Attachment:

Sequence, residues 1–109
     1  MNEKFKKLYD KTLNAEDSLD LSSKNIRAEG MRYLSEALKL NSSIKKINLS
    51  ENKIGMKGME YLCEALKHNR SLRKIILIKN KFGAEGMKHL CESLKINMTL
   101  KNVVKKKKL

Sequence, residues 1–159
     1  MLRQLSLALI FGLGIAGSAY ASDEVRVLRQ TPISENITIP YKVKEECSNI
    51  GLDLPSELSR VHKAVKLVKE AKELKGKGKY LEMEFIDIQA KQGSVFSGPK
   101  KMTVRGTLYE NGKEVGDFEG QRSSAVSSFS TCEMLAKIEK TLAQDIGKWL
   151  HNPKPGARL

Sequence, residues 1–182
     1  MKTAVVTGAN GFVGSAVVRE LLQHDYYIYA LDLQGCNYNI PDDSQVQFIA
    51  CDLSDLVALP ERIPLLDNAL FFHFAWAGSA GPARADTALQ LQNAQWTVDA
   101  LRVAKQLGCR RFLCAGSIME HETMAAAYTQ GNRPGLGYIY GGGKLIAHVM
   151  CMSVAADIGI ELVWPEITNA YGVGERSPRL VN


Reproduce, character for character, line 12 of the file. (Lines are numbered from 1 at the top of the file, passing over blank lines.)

    51  CDLSDLVALP ERIPLLDNAL FFHFAWAGSA GPARADTALQ LQNAQWTVDA